Cundy began his paralympic career as a swimmer at the Atlanta 1996 Paralympic Games, and has ten Paralympic medals to his credit: five in cycling (four gold and one bronze) and five in swimming (three gold and two bronze).

Tandem gold medallists in the Women’s and Men’s individual pursuit events were also won by representatives of the Union Jack, namely the duos composed of Lora Turnham and Corrine Hall (pilot), and Steve Bate and Adam Duggleby(pilot). In both cases, the medals were Paralympic career firsts for these blind athletes.

Sophie Thornhill and Helen Scott (pilot) were the fastest around the oval over the kilometre time trial.

Megan Giglia (individual pursuit 3000 m C1-C2-C3), Kadeena Cox (500m time trial C4-C5) and Sarah Storey individual pursuit 3000 m C5) rounded out the golden medal harvest.

It’s worth mentioning that this week’s win was medal number 23 – and the 12th gold – in Storey’s long and victorious career; she is the most decorated British Paralympian in history. Like teammate Cundy, Storey also began her para-athletic career as a swimmer. It remains to be seen if her medal haul will increase further over the coming days, as she will take part in road racing and road time trial competitions – two events where she dominated at the London 2012 Paralympic Games.


Li Zhangyu leads the way for China

Li Zhangyu

In second place in the medals standings after track events, China followed Great Britain with seven medals, including three gold, two silver, and two bronze.

Li Zhangyu led the way for Team China, reaching the top spot on the podium twice: in the C1 3000m individual pursuit and the C1-2-3 kilometre time trial.

Guihua Liang (C2) was the other Chinese athlete to take home a gold medal, successfully defending his Paralympic title earned at the London 2012 Paralympic Games.

Li Zhangyu and Guihua Liang will also be participating in road racing events.


The Netherlands find a kink in British armour

Alyda Norbruis

The Netherlands were the last nation to scoop up more than one gold medal from Rio. The tandem team of Tristan Bangma and Teun Mulder managed to steal the gold away from Team Great Britain, who were relegated to the second and third places in the kilometre time trial.

The other gold medal was won by Alyda Norbruis in the 500m C1-2-3 time trial.

The remaining Paralympic titles were all earned during the individual pursuit event.

Reigning UCI World Champion in the 3000m C4 pursuit, American Shawn Morelli earned the first Paralympic podium of her career. Australia’s David Nicholas (C3) won his first Paralympic gold medal on the track, after having won the road time trial at the London 2012 Paralympic Games. Gold medallist at the last three editions of the UCI Para-cycling Track World Championships, Slovakia’s Jozef Metelka (C4) made good on his winning reputation, earning his first Paralympic title. Lastly, two-time gold medallist in road events at the London Games, Ukrainian para-cyclist Yehor Dementyev (C5) was the remaining gold medallist at the Rio Velodrome.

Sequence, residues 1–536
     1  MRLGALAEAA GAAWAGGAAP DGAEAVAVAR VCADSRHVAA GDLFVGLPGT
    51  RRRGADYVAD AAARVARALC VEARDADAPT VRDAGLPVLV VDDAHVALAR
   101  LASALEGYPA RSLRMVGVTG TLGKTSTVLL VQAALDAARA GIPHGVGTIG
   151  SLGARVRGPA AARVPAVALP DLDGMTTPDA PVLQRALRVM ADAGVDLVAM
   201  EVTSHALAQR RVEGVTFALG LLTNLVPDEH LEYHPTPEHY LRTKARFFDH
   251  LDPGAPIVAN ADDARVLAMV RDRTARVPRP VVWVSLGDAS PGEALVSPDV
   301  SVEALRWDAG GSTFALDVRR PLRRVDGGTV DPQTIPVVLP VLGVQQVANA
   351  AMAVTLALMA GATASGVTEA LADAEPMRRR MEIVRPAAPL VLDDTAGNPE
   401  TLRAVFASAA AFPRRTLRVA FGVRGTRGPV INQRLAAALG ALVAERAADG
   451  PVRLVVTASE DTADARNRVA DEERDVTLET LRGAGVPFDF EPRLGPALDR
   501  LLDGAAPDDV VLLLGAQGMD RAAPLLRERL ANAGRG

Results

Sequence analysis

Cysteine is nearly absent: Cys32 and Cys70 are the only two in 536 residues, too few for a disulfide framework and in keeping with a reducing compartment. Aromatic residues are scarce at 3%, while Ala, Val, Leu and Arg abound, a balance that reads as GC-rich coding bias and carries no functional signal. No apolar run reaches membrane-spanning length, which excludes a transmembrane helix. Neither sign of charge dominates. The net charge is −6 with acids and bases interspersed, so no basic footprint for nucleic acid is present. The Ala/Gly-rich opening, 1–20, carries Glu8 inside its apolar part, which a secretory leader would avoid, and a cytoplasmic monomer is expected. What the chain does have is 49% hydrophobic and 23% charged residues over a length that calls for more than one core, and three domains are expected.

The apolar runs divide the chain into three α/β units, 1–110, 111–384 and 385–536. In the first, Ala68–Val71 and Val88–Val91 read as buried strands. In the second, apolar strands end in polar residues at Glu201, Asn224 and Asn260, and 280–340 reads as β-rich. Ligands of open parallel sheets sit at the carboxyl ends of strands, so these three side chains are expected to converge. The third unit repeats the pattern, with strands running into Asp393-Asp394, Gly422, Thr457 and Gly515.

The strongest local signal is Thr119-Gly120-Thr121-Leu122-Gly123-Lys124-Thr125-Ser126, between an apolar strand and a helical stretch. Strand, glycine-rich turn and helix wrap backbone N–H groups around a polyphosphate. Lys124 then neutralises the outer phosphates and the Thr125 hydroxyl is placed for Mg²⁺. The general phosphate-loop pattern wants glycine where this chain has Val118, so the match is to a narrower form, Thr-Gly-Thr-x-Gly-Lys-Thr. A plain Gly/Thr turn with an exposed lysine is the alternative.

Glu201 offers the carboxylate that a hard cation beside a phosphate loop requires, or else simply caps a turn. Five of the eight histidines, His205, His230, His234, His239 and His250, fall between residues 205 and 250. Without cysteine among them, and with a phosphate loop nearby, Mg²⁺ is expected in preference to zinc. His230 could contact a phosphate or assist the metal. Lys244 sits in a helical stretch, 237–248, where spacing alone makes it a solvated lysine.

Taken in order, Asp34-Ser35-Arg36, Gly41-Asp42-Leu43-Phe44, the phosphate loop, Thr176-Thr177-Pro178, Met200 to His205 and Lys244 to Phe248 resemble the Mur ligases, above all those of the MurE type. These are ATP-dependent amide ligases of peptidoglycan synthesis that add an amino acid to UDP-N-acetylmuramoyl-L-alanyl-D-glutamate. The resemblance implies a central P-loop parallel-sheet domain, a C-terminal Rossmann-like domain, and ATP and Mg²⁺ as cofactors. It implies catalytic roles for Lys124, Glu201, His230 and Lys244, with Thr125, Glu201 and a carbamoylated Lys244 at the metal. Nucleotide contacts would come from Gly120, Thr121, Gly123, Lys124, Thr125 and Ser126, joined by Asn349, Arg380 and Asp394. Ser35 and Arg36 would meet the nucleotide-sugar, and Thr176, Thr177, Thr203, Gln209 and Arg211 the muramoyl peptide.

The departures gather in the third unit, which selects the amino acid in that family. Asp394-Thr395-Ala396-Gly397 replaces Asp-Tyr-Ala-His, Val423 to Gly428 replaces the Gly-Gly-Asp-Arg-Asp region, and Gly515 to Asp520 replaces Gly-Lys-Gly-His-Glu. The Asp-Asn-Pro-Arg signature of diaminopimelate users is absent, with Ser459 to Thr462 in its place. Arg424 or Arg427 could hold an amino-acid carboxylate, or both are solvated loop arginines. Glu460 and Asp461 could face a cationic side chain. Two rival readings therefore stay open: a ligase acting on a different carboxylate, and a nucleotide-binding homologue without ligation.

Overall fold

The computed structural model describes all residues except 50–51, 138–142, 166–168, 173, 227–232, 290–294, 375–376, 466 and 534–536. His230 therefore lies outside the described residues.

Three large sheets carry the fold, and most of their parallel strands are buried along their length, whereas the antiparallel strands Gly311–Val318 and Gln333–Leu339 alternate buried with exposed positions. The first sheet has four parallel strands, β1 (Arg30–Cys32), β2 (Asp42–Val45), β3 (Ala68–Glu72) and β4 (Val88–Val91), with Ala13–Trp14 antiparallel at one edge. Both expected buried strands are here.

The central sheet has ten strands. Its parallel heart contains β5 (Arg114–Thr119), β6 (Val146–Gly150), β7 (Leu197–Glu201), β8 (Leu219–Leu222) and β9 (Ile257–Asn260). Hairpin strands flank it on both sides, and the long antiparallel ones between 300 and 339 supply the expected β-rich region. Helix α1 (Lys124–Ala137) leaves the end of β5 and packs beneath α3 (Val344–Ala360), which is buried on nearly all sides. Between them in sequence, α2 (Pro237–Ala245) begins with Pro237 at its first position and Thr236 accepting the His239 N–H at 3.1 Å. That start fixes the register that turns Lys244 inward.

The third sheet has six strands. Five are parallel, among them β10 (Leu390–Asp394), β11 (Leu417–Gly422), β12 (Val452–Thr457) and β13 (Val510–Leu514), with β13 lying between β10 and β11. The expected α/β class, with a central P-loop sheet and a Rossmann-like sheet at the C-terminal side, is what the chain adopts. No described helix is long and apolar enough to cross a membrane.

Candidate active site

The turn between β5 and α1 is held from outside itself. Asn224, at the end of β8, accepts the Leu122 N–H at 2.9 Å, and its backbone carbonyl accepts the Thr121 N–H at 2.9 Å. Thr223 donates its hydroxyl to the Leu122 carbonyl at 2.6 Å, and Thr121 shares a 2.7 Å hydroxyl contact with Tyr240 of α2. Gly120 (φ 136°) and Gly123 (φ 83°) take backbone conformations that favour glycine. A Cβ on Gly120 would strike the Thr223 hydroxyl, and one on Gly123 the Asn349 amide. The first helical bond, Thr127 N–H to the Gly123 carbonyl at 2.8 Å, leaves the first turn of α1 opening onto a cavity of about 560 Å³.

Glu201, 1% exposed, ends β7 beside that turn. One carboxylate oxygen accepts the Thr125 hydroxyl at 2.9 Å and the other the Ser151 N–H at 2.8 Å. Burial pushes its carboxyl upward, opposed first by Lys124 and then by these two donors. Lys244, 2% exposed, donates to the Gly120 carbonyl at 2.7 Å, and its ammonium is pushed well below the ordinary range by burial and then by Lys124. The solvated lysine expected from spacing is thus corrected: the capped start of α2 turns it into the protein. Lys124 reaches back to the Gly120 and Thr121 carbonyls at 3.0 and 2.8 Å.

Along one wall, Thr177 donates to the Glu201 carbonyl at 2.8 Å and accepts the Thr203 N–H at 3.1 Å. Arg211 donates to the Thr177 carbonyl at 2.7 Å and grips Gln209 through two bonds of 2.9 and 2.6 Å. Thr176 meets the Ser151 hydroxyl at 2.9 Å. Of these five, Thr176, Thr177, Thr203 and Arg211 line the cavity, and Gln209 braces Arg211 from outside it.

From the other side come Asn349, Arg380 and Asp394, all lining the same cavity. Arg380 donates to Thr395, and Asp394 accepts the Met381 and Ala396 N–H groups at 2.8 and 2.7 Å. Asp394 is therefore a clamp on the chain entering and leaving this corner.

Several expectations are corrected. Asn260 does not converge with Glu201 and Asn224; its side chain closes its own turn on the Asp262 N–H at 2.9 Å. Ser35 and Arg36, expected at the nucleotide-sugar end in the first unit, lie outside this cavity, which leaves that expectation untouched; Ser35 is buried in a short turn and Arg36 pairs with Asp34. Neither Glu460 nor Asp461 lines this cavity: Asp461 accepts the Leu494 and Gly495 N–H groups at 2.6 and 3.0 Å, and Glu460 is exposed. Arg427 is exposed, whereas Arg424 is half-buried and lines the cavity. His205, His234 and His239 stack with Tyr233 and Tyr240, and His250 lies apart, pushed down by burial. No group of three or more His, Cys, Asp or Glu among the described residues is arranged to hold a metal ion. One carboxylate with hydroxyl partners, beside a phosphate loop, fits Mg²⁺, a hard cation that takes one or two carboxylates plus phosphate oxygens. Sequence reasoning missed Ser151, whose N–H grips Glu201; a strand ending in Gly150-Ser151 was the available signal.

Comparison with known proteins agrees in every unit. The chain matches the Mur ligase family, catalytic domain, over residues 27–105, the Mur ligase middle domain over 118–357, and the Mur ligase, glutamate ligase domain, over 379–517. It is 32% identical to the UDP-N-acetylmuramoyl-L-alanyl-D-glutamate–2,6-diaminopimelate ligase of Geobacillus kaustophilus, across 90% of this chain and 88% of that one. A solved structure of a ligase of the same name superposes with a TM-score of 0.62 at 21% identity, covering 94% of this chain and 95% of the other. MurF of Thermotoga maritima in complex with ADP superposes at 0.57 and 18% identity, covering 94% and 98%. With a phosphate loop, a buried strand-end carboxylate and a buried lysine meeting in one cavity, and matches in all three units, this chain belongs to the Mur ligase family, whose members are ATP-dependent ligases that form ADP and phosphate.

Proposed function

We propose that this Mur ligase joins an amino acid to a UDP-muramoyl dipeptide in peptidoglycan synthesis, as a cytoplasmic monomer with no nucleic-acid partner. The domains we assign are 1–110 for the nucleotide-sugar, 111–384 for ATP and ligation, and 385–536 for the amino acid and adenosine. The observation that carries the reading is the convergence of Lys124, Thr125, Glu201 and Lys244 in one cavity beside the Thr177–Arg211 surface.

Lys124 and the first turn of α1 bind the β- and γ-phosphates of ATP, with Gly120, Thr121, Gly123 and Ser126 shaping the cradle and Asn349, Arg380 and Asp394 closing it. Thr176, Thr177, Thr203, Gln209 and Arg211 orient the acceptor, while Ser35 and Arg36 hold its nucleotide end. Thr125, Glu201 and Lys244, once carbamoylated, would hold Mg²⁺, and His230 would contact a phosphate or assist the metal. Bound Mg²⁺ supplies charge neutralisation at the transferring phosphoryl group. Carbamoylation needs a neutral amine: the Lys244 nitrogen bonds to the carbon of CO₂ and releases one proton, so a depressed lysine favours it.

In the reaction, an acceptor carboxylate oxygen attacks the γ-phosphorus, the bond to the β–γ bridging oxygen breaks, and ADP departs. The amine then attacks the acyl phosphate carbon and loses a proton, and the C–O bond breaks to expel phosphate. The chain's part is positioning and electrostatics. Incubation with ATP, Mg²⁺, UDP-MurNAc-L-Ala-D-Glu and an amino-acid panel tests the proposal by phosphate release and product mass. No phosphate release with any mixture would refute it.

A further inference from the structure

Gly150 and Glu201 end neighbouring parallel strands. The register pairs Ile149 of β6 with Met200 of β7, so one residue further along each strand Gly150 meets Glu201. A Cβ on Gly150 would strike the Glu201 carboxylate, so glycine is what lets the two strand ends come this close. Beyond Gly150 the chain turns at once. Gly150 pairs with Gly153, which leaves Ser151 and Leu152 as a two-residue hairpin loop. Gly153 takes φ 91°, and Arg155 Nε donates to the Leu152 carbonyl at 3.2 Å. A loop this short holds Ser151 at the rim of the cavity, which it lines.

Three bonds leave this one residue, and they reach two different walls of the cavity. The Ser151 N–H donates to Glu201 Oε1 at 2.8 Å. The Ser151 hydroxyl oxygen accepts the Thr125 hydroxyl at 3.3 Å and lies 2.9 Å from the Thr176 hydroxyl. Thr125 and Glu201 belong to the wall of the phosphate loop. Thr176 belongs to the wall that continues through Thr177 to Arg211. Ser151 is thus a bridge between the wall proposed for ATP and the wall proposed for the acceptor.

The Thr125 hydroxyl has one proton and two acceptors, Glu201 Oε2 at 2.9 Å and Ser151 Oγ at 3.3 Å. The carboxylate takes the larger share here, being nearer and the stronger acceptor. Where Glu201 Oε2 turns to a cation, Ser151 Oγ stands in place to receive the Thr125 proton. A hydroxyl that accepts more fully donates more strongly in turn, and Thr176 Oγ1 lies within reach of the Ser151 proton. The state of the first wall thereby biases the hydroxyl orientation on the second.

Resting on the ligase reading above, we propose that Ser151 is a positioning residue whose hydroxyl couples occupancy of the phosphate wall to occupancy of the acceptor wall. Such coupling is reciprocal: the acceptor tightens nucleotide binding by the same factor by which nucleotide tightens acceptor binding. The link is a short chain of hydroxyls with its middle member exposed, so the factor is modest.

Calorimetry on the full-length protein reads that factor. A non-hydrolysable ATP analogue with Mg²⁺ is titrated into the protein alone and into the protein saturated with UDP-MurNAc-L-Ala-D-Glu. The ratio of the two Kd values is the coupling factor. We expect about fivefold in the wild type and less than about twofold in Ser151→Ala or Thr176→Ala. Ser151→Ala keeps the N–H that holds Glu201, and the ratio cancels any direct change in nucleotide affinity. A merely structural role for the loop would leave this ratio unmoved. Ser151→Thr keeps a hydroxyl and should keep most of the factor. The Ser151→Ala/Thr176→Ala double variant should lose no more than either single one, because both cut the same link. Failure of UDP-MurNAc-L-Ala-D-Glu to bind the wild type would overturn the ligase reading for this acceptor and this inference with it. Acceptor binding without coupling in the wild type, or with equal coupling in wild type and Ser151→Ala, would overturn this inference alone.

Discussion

Paralympic road racing events in Rio begin as of Wednesday September 14th , bringing excitement to the streets!

Rio 2016 Paralympic Games: Team GB dominant on the track

Rio 2016 Paralympic Games: Team GB dominant on the track

The Mixed C1-5 GB Team
The Mixed C1-5 GB Team

Para-cyclists Tristan Bangma (The Netherlands), and Lora Turnham (Great Britain) won the last individual events, Sunday, at the 2016 Rio Paralympic Games. Team Great Britain used the fourth and last day of track cycling to grab their eighth title at the velodrome – a gold medal in the Mixed C1-5 Team Sprint.

The Netherlands’ Tristan Bangma and pilot Teun Mulder earned the gold medal in the Men’s tandem time-trial, in addition to setting a new Paralympic record of 59.822 seconds. The 18-year-old raced today in his first Paralympic Games but has already impressed as the runner-up to the UCI World Champion in the event.

“It’s just incredible, unbelievable really. I felt I could get a good time coming into the Games. I knew my training had gone well and that I was in good shape. This is the gold medal that tells a lot more than being a world champion. It only comes round every four years. I am only 18 so I hope to be in Tokyo in 2020, we will see. Now I just want to celebrate, but I am not believing I am Paralympic champion,” said Bangma.

Five-time UCI World Champion in the time-trial, Great Britain’s Neil Fachie and pilot Pete Mitchell (+0.419 seconds) had to settle for the silver medal. Fachie had won the event at the London 2012 Paralympic Games.

Team Germany’s Kai-Christian Kruse and Stefan Nimke (+1.965 seconds) took home the bronze medal.

Britain’s Lora Turnham and pilot Corrine Hall dominated the Women’s Individual Tandem Pursuit. In the final, the British duo faced New Zealand adversaries Emma Foy and Laura Thompson (+3.519 seconds) – the event’s reigning UCI World Champions – and beat them to the line in a time of 3 minutes 28.050 seconds.

“I just can’t stop laughing and crying. We really didn’t expect it to happen in the pursuit as the Kiwis have been dominant; since London they have been unbeatable. We knew after winning bronze at the Worlds we were capable of winning a medal, but I never quite allowed myself to believe it would be gold,” said Turnham.

During qualifications, Turnham and Hall registered a new Paralympic time, covering the 3000 meters in 3 minutes 27.460 seconds. Turnham’s win today is her first, as well as being her first Paralympic Games medal; she previously participated in the London 2012 Paralympic Games.

In the bronze medal final, Britain’s Sophie Thornhill and pilot Helen Scott easily won against New Zealand’s Amanda Cameron and Hannah Kampen.

For Thornhill and Scott, this is the second medal earned at the Rio Olympic Velodrome, last Friday, the duo won gold in the time-trial.